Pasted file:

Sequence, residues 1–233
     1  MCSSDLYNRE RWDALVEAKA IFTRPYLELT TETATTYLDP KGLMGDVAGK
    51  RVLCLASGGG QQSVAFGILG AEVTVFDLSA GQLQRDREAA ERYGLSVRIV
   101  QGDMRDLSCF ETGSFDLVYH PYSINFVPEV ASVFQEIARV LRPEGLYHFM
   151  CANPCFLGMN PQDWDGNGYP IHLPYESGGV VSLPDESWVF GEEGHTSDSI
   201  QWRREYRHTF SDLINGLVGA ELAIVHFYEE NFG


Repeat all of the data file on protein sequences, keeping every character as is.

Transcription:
Sequence, residues 1–233
     1  MCSSDLYNRE RWDALVEAKA IFTRPYLELT TETATTYLDP KGLMGDVAGK
    51  RVLCLASGGG QQSVAFGILG AEVTVFDLSA GQLQRDREAA ERYGLSVRIV
   101  QGDMRDLSCF ETGSFDLVYH PYSINFVPEV ASVFQEIARV LRPEGLYHFM
   151  CANPCFLGMN PQDWDGNGYP IHLPYESGGV VSLPDESWVF GEEGHTSDSI
   201  QWRREYRHTF SDLINGLVGA ELAIVHFYEE NFG